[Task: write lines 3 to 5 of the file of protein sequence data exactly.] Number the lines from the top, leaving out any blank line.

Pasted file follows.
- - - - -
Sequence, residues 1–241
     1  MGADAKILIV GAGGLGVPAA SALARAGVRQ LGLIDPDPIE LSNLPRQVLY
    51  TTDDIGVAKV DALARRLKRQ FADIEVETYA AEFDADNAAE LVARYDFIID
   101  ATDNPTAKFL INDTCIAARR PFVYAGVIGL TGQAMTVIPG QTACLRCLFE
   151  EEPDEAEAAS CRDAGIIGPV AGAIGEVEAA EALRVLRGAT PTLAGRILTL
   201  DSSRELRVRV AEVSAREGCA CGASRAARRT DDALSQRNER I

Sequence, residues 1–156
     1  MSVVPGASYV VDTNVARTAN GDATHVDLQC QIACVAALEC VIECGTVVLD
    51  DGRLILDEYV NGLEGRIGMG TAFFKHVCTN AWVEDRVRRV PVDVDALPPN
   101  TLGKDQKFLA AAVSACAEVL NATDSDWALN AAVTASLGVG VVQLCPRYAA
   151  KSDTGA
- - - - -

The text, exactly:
    51  TTDDIGVAKV DALARRLKRQ FADIEVETYA AEFDADNAAE LVARYDFIID
   101  ATDNPTAKFL INDTCIAARR PFVYAGVIGL TGQAMTVIPG QTACLRCLFE
   151  EEPDEAEAAS CRDAGIIGPV AGAIGEVEAA EALRVLRGAT PTLAGRILTL